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SharePoint On-Premises Lives On

Long live SharePoint Server.

Given Microsoft's relentless focus on Office 365 and the online version of SharePoint in recent years, those vested in the future of the traditional on-premises offering often wondered if the newest server release was set to be the last major upgrade. Those rumors persisted for years. Microsoft last week put that issue to rest, at least for now that SharePoint Server 2016 won't be the last on-premises version.

At the official launch of SharePoint Server 2016, customers learned it won't be the swan song for the on-premises collaboration offering. Not only that, Microsoft revealed plans to offer new capabilities designed first for Office 365 that will come to the server edition. Even more encouraging is SharePoint Server customers won't have to wait the typical three years for a new version. Feature Packs that bring forth many capabilities built for Office 365 SharePoint Online will come next year.

That promise came from Jeff Teper, regarded as the father of SharePoint, who was brought back to the team last year as corporate VP for SharePoint and OneDrive for Business. Teper presided over last week's "Future of SharePoint" event in San Francisco, where observers were expecting to learn that future was entirely in the cloud, albeit with support for hybrid environments championed as the basis of the new SharePoint Server 2016 release.

Make no mistake -- Office 365 is where all of the new collaboration features will first appear moving forward and Microsoft wants customers to move as much of their collaboration on SharePoint Server to the cloud and Office 365. But Microsoft is also well aware that many organizations can't move all of their data to the cloud and it appears that the strategy it is embarking on with Azure Stack (allowing organizations to build private and hybrid clouds in their datacenters) is following the same path with SharePoint.

Teper relished sharing the news that server edition will live on. "We are committed to on-premises deployments and new on-premises innovation is a big deal," Teper said.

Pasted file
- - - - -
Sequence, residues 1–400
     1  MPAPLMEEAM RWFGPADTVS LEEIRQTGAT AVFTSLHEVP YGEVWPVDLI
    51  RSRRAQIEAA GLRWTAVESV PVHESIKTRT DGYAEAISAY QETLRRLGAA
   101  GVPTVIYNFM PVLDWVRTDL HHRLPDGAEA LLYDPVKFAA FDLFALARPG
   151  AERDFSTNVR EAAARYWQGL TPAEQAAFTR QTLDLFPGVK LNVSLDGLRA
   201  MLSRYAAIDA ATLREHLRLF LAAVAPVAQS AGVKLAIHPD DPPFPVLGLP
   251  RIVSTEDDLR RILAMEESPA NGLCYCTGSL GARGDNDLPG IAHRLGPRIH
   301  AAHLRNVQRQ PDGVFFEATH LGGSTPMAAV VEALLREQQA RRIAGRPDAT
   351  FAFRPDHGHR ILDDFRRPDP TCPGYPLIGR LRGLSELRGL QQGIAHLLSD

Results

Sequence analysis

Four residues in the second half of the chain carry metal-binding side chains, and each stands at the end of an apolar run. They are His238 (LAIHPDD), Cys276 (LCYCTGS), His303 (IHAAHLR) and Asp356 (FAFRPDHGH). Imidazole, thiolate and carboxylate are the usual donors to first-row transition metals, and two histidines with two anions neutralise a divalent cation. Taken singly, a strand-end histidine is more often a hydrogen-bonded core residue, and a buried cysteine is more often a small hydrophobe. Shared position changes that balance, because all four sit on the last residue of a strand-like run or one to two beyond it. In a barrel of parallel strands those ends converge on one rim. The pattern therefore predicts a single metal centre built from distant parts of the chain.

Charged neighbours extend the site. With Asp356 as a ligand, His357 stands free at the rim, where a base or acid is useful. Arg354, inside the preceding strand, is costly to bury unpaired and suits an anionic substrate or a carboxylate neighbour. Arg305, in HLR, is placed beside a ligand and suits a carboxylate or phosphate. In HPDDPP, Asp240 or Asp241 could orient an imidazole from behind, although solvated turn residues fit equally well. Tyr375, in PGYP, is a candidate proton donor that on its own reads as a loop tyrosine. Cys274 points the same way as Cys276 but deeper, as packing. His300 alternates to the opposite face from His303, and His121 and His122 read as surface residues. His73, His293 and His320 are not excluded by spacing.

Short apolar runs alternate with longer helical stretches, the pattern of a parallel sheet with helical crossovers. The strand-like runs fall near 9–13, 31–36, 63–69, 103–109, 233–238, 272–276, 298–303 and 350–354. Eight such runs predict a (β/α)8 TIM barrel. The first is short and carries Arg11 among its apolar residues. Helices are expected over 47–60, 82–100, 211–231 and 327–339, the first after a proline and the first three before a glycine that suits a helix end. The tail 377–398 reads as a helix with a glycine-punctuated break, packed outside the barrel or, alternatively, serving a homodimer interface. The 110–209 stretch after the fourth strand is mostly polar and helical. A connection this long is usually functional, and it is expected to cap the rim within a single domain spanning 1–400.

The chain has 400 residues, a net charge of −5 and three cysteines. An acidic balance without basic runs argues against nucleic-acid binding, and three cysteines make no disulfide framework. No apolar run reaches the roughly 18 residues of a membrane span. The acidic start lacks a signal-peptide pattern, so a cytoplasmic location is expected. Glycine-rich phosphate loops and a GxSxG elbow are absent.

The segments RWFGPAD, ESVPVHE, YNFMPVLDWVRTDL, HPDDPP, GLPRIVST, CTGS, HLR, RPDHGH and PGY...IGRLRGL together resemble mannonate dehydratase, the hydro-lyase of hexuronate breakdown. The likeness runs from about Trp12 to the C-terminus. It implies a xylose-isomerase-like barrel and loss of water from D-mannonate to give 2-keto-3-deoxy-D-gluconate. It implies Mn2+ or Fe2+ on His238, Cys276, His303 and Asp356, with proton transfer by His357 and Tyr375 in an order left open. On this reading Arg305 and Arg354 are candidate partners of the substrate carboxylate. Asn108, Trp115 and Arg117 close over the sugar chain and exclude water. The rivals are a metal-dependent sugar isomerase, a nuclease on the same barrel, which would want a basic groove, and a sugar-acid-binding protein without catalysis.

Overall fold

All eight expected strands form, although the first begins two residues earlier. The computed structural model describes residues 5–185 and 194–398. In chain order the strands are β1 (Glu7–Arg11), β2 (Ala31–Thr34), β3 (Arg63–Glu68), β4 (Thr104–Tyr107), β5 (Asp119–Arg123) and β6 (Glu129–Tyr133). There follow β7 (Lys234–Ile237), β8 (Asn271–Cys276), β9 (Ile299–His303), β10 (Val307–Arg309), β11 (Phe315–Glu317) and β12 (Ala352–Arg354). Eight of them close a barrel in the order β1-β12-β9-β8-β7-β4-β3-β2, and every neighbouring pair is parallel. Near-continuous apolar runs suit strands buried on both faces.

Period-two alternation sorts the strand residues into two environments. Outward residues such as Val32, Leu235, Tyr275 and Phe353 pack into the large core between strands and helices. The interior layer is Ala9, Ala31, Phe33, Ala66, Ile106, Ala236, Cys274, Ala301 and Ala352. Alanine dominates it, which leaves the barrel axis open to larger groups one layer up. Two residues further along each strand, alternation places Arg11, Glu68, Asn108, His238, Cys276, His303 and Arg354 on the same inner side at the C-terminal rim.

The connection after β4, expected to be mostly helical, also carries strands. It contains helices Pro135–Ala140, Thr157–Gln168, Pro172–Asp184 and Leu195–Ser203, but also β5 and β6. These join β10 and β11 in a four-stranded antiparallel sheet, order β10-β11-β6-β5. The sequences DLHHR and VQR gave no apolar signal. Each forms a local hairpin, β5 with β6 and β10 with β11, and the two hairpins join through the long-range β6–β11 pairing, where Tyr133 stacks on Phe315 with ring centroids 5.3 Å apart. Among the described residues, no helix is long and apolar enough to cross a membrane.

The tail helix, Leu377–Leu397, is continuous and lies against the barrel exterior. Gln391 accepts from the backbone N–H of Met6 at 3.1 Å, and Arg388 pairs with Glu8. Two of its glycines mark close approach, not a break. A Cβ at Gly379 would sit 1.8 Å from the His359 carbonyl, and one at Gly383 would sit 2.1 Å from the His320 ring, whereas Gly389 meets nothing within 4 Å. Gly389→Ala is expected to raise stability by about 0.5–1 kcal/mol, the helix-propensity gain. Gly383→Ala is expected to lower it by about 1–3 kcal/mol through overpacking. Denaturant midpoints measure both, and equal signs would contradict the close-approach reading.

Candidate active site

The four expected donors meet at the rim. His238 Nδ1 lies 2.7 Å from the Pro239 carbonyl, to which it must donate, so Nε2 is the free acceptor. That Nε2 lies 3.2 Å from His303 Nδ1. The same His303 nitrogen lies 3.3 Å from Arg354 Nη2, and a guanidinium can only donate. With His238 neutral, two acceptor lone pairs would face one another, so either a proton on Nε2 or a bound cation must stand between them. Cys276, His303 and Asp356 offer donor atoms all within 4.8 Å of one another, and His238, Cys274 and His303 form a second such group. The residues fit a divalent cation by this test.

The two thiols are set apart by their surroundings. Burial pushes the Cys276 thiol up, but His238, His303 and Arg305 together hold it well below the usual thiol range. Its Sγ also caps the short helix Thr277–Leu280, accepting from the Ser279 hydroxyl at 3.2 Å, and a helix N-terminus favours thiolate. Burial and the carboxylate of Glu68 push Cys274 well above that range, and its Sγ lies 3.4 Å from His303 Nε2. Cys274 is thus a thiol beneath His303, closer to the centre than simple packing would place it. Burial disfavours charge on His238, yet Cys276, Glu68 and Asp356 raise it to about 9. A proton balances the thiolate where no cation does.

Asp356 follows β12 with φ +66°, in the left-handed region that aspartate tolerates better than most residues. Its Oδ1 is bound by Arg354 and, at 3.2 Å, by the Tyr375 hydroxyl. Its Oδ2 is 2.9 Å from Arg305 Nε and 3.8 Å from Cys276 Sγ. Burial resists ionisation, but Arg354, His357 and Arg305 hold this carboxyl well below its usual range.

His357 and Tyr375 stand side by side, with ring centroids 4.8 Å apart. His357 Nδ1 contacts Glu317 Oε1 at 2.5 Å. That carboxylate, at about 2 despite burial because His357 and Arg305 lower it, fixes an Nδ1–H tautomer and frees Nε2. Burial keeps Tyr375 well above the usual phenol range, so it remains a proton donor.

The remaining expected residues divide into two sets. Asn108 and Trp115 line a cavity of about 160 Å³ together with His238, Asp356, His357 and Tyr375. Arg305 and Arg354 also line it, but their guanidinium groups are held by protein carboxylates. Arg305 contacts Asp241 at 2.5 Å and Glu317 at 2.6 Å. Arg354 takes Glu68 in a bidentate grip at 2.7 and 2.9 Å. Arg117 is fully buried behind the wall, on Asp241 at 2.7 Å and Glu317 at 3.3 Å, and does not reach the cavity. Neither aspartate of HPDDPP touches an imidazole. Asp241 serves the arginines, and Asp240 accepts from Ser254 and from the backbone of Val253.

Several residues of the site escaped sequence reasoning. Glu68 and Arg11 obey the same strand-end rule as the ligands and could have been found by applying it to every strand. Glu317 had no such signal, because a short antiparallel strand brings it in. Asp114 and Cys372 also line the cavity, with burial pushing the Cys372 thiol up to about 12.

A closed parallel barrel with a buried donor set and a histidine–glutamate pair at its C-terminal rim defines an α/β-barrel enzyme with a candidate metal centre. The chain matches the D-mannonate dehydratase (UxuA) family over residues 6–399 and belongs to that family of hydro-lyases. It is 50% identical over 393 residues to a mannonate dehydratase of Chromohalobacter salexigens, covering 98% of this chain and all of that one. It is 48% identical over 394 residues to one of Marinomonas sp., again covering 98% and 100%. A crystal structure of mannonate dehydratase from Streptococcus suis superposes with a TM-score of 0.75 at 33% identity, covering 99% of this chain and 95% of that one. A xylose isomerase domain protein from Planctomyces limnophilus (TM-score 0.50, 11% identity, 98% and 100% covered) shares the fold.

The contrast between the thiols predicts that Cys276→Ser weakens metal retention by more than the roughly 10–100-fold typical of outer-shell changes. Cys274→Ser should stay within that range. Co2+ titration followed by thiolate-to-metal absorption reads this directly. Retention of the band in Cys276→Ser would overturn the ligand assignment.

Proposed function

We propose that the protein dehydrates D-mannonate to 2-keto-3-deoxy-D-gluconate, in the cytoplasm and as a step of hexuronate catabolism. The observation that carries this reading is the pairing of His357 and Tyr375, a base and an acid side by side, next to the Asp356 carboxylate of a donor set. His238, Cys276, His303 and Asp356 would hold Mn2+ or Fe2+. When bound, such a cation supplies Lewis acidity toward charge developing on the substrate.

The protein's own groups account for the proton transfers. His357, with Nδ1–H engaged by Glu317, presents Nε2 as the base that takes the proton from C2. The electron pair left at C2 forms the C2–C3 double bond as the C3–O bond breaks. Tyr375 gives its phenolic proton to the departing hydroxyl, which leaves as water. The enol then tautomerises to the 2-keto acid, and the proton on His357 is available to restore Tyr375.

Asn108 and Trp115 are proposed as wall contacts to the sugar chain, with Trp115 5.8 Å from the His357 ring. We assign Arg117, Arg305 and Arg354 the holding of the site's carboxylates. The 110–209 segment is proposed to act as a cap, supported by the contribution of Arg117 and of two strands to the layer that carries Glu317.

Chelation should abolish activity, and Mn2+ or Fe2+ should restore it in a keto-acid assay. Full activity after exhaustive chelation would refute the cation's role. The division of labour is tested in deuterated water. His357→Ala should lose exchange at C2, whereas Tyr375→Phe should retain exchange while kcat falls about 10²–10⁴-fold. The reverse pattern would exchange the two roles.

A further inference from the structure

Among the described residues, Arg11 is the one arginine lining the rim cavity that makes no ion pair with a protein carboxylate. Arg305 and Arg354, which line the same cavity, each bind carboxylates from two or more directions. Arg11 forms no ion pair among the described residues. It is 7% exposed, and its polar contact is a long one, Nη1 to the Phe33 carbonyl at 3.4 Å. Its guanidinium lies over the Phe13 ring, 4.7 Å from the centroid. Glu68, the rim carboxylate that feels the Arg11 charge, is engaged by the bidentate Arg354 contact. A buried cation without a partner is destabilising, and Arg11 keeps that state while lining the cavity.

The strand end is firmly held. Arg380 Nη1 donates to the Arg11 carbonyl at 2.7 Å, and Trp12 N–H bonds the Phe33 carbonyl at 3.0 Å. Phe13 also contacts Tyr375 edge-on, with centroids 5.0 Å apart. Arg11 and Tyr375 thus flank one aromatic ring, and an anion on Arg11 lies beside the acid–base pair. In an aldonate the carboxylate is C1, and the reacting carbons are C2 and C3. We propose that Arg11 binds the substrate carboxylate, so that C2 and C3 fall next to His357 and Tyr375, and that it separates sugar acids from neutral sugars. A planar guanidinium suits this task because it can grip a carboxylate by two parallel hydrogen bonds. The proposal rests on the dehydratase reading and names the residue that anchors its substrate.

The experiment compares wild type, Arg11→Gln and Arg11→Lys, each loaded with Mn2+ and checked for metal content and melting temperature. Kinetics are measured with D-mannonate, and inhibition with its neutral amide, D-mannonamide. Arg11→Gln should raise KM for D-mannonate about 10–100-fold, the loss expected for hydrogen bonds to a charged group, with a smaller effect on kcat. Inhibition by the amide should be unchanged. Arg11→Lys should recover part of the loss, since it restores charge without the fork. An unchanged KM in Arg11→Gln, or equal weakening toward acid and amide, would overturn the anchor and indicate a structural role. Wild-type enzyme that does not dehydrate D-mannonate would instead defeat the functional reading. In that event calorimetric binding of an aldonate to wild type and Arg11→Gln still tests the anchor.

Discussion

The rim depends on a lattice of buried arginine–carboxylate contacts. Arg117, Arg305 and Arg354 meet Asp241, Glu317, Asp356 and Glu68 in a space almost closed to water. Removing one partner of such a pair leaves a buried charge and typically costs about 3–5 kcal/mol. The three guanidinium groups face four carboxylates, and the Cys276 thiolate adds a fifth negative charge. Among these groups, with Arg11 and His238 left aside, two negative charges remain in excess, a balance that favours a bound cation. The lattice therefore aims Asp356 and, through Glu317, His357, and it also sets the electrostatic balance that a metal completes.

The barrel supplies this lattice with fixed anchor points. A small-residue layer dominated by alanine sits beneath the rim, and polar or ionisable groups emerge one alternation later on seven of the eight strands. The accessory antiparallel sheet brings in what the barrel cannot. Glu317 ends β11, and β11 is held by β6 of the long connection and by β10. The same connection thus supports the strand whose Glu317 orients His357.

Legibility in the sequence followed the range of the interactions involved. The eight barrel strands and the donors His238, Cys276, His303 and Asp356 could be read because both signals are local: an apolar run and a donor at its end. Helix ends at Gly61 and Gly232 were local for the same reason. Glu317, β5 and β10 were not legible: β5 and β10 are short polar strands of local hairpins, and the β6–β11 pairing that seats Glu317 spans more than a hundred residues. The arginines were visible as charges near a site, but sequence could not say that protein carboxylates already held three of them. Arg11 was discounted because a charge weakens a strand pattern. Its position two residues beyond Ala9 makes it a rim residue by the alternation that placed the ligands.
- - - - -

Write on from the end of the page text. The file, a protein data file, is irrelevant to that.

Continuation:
Teper noted that there are some things Microsoft can't bring to SharePoint Server such as some of the machine learning capabilities in the Microsoft Graph -- but there are capabilities such as new, more modern user experience, unified access and intelligent discovery of information in SharePoint and OneDrive, an "intelligent" intranet that spans all device types, app models with support for an improved synch architecture and interfaces and the new SharePoint Framework.

The new SharePoint Framework, which is built with integration hooks with the Microsoft Graph and support for open source tooling that deliver client-side JavaScript rendering, will include the Sites and Files APIs. These features will roll out incrementally over the coming months and quarters. Teper emphasized as a milestone the fact that many of these capabilities will show up in a new on-premises Feature Pack which will build on SharePoint Server 2016 after this month's release. "For the first time in history in SharePoint, we are accelerating the pace of on-premises innovation," he said.

SharePoint MVP Ruven Gotz, director of digital workplace and innovation at Avanade, said that his clients will welcome the news of the planned Feature Packs (others in the SharePoint community welcomed the strategy as well). "Microsoft is making sure their clients know they haven't forgotten about on-premises and that it is also a first-class destination for features and updates," Gotz said. "I think we're going to see hybrid for years.

 

Posted by Jeffrey Schwartz on 05/11/2016 at 11:35 AM


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